ISSN (Print) - 0012-9976 | ISSN (Online) - 2349-8846

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Faux Pas in Foreign Policy

The "slip-ups" witnessed during Chinese president Hu Jintaoâ??s recent visit to the US constituted more than mere diplomatic faux pas; they were unintentionally or otherwise, an admission of US policy interests.

An Occasion for the RSS

M S Golwalkar, whose birth centenary the RSS observes this year, was the RSS chief who gave shape and imparted a definitive ideology to the organisation. Golwalkar's position on "Hindu consolidation", especially with regard to caste differentiation, came to differ in several crucial aspects with Savarkar's ideas on caste.

A New Cultural Chauvinism

The attack on a newspaper whose only "crime" was to respond with silence during the occasion of "Shivaji jayanti" portends the rise of a new kind of cultural chauvinism.

Sons and Daughters

In the short history of Indian democracy, "familocracy" has long established precedents. But familocracy, as revealed by the Karnataka crisis, sparked off by moves made by Kumaraswamy, Deve Gowda's son, appears little different from political opportunism.

Monkey, Wine and Culture

A play in a local language is pulled off stage as it ostensibly offends religious sentiments. This incident finds no mention in the national press or in the English language dailies. On the other hand, a noted writer in English who turns down an award is given prominence. The question thus needs to be asked: Who or what constitutes "culture" in these present times?

Politics: Art of the Forgettable

By dispensing with the celebrations associated with November 7, Russian president Vladimir Putin is seeking to define a new history for his country. But his action involves the sweeping erasure of a significant moment in world history, a day associated with the establishment of the "Soviet Unionâ". For several decades, the existence of the Soviet Union offered a unique vision of liberation for several countries around the world that were still bonded to colonialism.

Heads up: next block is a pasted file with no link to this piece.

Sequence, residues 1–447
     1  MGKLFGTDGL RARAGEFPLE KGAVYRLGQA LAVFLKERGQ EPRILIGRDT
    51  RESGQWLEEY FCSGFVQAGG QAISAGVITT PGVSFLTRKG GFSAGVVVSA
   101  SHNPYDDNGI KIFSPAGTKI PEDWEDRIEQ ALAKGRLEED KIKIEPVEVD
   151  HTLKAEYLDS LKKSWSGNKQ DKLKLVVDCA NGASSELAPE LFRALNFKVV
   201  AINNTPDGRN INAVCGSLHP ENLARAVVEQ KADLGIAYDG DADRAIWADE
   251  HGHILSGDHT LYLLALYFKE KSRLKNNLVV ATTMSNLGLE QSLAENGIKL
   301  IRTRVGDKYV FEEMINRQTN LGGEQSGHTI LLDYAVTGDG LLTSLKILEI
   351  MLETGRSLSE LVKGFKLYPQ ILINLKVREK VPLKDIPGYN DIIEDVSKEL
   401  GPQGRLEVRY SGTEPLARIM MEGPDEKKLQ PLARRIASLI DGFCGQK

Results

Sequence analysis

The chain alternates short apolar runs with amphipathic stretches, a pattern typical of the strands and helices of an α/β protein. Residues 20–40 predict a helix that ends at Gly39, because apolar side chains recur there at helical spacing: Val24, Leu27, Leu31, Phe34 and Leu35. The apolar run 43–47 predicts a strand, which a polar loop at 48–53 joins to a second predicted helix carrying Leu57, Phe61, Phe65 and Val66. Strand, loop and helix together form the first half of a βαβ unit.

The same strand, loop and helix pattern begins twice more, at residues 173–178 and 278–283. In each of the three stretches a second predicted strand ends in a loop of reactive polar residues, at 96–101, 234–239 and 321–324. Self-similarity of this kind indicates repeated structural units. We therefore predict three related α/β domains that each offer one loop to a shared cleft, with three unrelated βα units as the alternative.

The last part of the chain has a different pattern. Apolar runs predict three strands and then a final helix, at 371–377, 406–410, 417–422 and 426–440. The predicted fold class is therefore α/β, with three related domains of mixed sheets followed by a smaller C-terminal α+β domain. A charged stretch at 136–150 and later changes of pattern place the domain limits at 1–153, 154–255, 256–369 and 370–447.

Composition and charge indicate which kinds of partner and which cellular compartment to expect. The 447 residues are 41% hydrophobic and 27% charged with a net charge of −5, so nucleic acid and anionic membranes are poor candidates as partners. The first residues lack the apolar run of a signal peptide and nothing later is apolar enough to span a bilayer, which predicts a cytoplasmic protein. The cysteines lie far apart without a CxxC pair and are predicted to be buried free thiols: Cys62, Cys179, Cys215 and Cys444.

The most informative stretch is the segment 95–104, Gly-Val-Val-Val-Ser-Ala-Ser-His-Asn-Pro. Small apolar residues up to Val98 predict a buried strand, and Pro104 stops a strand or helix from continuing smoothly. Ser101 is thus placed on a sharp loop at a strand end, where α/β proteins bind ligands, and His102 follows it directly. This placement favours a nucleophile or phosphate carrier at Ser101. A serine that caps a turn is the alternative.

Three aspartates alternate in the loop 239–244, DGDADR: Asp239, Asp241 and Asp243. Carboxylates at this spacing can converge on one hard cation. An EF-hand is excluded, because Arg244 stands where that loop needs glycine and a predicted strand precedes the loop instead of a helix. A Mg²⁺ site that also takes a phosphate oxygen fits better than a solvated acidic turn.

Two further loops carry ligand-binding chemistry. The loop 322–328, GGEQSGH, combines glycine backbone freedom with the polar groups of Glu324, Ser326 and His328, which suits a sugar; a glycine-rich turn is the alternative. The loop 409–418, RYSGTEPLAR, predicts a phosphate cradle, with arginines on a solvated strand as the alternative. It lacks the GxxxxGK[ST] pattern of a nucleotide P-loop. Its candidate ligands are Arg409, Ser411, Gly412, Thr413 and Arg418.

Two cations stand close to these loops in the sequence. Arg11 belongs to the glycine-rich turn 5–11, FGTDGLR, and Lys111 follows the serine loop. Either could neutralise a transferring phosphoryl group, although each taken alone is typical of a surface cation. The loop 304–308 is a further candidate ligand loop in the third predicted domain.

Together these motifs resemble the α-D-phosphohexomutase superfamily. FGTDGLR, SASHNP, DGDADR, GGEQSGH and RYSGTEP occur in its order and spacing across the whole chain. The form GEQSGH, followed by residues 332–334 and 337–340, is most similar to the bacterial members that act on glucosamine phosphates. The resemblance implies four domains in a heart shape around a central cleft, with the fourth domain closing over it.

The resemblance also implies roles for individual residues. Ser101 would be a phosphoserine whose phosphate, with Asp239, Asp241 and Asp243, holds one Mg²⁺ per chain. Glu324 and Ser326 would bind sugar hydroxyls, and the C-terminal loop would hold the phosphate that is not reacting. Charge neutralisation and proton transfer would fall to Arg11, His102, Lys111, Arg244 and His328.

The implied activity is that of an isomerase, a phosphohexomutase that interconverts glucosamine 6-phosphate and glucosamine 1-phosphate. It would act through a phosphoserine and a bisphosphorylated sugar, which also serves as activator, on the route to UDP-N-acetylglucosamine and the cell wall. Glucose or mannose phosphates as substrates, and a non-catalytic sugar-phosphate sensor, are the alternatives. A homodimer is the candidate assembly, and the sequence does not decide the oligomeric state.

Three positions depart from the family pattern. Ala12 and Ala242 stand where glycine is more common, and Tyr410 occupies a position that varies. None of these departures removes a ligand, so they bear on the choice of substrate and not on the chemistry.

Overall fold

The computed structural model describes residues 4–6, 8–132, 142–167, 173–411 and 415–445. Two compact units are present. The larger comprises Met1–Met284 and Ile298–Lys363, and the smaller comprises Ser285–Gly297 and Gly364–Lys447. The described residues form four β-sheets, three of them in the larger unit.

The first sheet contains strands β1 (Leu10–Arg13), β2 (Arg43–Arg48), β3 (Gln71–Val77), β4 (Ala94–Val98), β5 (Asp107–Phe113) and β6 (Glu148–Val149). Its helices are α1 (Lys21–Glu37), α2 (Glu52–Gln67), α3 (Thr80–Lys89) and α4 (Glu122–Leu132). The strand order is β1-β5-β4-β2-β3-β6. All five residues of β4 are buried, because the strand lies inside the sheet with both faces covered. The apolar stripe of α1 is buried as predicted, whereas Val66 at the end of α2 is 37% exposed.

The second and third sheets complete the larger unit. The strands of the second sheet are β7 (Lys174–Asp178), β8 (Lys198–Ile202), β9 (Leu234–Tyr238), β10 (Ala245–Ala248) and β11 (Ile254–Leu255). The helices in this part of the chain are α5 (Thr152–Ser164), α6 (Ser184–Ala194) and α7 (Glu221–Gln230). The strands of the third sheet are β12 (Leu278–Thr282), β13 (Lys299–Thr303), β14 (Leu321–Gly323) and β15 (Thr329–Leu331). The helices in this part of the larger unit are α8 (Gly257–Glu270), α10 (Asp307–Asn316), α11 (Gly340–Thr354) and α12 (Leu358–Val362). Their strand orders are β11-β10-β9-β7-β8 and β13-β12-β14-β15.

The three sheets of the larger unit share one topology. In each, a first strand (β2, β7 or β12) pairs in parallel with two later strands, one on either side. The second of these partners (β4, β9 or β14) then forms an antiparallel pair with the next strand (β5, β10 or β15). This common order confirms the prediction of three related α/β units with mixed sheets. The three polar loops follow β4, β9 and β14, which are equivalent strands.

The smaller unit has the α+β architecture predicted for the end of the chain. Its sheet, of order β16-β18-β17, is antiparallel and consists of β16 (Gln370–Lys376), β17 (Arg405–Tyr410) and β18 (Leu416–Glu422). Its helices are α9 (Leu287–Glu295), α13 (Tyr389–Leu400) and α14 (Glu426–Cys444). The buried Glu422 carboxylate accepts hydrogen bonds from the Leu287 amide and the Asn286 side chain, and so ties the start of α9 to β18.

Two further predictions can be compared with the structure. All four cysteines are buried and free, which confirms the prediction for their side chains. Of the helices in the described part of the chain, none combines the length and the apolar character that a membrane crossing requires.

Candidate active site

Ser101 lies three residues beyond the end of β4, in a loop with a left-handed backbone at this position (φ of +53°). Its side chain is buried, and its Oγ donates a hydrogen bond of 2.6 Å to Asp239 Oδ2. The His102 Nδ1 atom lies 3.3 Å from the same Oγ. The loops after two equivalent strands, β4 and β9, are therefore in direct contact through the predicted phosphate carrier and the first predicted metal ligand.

Biography as Comic Strip

Over the years, a culture of forgetfulness has come to dominate the general understanding of politics in our country, where the immediate past is forgotten to accommodate short-term compromises. Little wonder then that history and politics are now reduced to mere comic strips.

Business of Telling the Truth

Telling the truth, with a capital 'T' is in fashion - be it between the coach and captain of the Indian cricket team, or by the defence minister about relations with China or prime minister Manmohan Singh's remarks to president George Bush on the BJP's position on the nuclear deal. But what does all this mean?

`The Bill`: Institutions in Crisis

It is no surprise that once again there is no consensus on the question of women's reservation in Parliament. Political parties seem divided on the mode and the nature of reservation. But that such demands, instead of being debated within Parliament, are being raised outside is a worrying indicator of how institutions of democracy itself are being undermined.

Oxford `Prashasti`

There is probably no better word than 'prashasti', usually a long poem intended as a work of praise and veneration for a king or patron, to refer to the prime minister's exercise in rewriting of history at Oxford. If the colonial period was such an unqualified era of modernity, development and growth, what were we fighting for or against?

This Terrorism and That Terrorism

Ayodhya and London tell us that there are two kinds of terrorism. For want of any scientific descriptive terminology, we have to call them 'their' terrorism and 'our' terrorism. Here the 'we' is as big as the 'they'.

Lal Krishna Savarkar

Advani?s remarks on Jinnah were not praise for a ?secularist? leader of Pakistan but part of a new Savarkarite discourse on India.


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